Peripheral Virtual Reality Technology Further Enhances Gaming Immersion

Different Angle Lab in VR Game Loading Human

New technology is exciting. It’s hard not to get caught up in the wave of excitement surrounding things like virtual reality. There are systems aplenty to choose from and enough peripherals to confuse even the most in-the-know gamer. What do you need to create the ideal virtual reality experience?

Controllers Add Interactivity to VR Technology

In theory, you can experience the power of virtual reality technology with nothing more than a headset. But to do so is missing out on the gaming applications—most VR games will require some form of controller input to interact with them, though how in-depth you want to get is up to you.

The PlayStation VR system requires the Move controllers and a camera. Oculus Rift comes packaged with an Xbox One controller, and the HTC Vive uses proprietary controllers developed specifically for VR. For many games (including Loading Human, releasing for PlayStation VR and Oculus Rift) you’ll need handheld controllers for input and gaming, but handheld devices aren’t where unique controllers for VR end.

Haptic Controls Add Tactile Feedback to Virtual Reality

Haptic feedback is huge in virtual reality—if you can see and interact with the world as if you’re there, the next step is feeling the world. Loading Human, like many VR games, features incredible use of sound to ground players in a virtual space. While the sound itself is impressive, you get an even deeper sense of immersion from the story if you can feel that sound the way that you would in real life—and tools like the KOR-FX vest and Woojer system take that extra step.

living area in virtual reality game Loading Human
Loading Human‘s sound design lends itself well to haptic feedback, as sound that you feel can add an additional dimension to VR’s immersion factor.

KOR-FX is a vest that translates the sound of your favorite games into haptic feedback. In layman’s terms, the explosions and gunshots you hear in titles like Call of Duty or the vehicle engines of something like Forza make the vest rumble. Rather than just hearing the sound, you feel it. In games where sound is crucial to the experience, such as virtual reality, a simple full-body rumble can make for an incredibly immersive experience.

Similarly, the Woojer turns sound from any audio device into an experience that’s felt, not just heard. Unlike the KOR-FX, the Woojer is a small device that clips onto your shirt, producing a slight rumble effect to accompany your music, gaming, or movies. While that might sound like a downgrade from KOR-FX’s intensity, that’s not necessarily true; the reduced rumble means that smaller noises like speech don’t set it off, leaving the capability for more impactful noises like gunfire. Which device works best for you depends on how intense of an experience you want.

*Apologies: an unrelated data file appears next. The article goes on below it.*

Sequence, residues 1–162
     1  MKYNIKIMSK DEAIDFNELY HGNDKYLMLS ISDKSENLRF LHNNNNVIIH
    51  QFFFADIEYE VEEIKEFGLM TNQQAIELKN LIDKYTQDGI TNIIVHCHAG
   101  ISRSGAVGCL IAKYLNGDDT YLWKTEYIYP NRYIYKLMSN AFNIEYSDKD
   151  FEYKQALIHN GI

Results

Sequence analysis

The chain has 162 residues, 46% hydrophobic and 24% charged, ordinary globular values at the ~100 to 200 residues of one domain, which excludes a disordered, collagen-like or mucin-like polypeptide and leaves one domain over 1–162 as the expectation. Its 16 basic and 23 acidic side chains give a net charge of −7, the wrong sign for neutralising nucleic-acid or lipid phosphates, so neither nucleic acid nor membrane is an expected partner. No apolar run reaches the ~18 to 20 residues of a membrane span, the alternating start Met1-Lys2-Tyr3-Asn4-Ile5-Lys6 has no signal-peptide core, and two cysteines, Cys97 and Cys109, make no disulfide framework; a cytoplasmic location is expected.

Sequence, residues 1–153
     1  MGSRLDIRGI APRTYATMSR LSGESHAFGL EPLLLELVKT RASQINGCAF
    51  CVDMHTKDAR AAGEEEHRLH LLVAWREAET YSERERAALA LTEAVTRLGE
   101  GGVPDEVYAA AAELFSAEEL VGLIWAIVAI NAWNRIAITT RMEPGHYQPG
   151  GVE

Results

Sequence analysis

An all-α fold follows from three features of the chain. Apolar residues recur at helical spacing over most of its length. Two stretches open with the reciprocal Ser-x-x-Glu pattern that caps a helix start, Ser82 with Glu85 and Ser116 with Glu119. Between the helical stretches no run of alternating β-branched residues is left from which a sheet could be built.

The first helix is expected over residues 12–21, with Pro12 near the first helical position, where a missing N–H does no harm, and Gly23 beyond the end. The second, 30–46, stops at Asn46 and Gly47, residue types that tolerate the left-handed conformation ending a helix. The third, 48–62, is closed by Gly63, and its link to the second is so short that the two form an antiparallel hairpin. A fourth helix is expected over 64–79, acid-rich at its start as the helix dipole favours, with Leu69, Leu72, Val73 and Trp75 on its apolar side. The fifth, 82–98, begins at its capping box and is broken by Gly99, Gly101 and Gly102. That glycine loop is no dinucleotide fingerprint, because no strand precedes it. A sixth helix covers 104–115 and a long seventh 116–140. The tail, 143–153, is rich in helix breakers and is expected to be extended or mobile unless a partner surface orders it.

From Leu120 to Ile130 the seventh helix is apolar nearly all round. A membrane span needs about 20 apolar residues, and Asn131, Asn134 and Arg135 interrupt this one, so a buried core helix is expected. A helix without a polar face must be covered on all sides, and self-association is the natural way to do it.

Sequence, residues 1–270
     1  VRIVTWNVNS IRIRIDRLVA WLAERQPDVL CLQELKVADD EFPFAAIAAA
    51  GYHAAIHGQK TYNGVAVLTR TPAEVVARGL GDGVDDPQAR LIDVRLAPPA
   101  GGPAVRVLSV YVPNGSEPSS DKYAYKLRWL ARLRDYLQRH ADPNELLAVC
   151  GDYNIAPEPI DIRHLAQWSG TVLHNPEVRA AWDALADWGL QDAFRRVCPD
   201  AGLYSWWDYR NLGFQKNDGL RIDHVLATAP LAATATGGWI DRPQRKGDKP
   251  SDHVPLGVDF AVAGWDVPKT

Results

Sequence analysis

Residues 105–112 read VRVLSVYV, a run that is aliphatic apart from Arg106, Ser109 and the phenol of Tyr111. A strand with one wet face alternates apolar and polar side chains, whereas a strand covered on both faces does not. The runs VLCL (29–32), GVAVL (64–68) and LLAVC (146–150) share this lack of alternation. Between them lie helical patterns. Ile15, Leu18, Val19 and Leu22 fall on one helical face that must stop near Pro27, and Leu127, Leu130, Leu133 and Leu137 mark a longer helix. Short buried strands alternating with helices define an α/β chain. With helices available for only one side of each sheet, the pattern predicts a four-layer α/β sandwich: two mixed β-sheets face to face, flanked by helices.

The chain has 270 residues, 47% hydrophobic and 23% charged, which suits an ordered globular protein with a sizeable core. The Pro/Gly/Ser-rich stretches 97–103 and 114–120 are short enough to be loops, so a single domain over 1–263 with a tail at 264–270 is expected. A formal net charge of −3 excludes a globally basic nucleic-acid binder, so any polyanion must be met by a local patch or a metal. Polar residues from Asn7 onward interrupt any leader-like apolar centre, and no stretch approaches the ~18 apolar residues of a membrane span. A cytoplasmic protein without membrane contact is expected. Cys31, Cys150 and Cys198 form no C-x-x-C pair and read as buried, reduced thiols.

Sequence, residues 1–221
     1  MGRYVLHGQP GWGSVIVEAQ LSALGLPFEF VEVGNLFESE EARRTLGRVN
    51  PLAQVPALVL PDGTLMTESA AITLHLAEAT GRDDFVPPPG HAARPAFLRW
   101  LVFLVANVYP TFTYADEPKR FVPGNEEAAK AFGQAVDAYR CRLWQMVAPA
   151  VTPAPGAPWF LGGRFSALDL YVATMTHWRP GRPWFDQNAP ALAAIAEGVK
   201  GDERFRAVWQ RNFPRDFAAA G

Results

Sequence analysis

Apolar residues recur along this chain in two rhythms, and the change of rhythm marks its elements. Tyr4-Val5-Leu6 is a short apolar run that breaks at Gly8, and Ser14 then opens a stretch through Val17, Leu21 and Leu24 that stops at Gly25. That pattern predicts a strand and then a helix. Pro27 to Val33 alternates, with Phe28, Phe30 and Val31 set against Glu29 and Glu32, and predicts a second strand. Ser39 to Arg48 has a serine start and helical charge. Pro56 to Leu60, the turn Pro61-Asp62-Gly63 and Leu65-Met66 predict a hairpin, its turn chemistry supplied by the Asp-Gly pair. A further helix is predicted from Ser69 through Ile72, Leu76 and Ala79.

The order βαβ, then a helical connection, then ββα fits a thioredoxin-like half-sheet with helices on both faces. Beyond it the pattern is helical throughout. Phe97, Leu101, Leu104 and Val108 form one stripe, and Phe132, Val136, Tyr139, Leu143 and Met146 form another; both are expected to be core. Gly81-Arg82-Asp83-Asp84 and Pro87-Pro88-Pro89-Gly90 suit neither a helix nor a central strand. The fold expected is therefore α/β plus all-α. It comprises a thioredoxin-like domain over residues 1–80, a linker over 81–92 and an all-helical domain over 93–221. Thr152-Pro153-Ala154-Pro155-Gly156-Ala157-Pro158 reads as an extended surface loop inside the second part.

Movement Controls Add Physical Space to Virtual Reality Technology

Wandering through a virtual environment has some players concerned that they won’t have enough space to do so effectively. In fact, most virtual reality games can be played with minimal movement—usually just your hands and head—but that doesn’t mean you can’t play with physical space.

VR game developers are inspired by all forms of media
Loading Human‘s rich environments make players want to explore, and movement-based technology can enhance that experience.

The HTC Vive, for example, has 3D room tracking that allows you to use your living room as a gaming space. The system will alert you if you are in danger of running into any objects, giving you a stress-free experience as you wander through virtual space. But if you’re living somewhere with limited space, that may not be ideal. Thankfully, there are other options if you want the feeling of movement in virtual reality.

The Virtuix Omni, available for preorder now, is a system that does exactly that. At 55 inches wide, this device can fit into smaller spaces with relative ease, allowing you to physically walk without running into objects or walls regardless of how big the room is. The system works with any PC VR game that uses keyboard or controller input, making it a versatile system. It allows players who might be cramped for space to actually walk through virtual worlds, a tempting system for those who want the height of immersion.

There’s also the Roto VR chair, which works with the games you’re playing to rotate and rumble with the effects of the game. Also available for preorder now, this seated system works well for players who suffer from VR-induced motion sickness, as it limits some of the problems of head movement tracking in-game. The system works will all VR headsets and features a nearly cordless design to prevent players from getting snagged. This system has a lot to offer for players looking for a seated VR experience with the feeling of physical movement.

VR Technology Enhances Gaming Experience with Additional Hardware

What VR technology is right for you? It depends on what you’re looking for. None of these systems are necessary to enjoy virtual reality, aside from a headset and some kind of controller input, but if you want an even deeper sense of immersion from games like Loading Human, haptic feedback or movement systems can provide that.

For people looking to really feel like they’re part of the VR worlds they play, systems like these make a powerful addition to their gaming setup. While they may not be for everybody, a treadmill, haptic controller, or other VR peripheral can be the perfect device to complete a gaming system.

Loading Human explores the powerful potential of virtual reality storytelling in its futuristic, emotional narrative. Preorder your copy today!

 

Andrew Nguyen

Producer, gamer, coffee roaster, leather worker, and part-time streamer.

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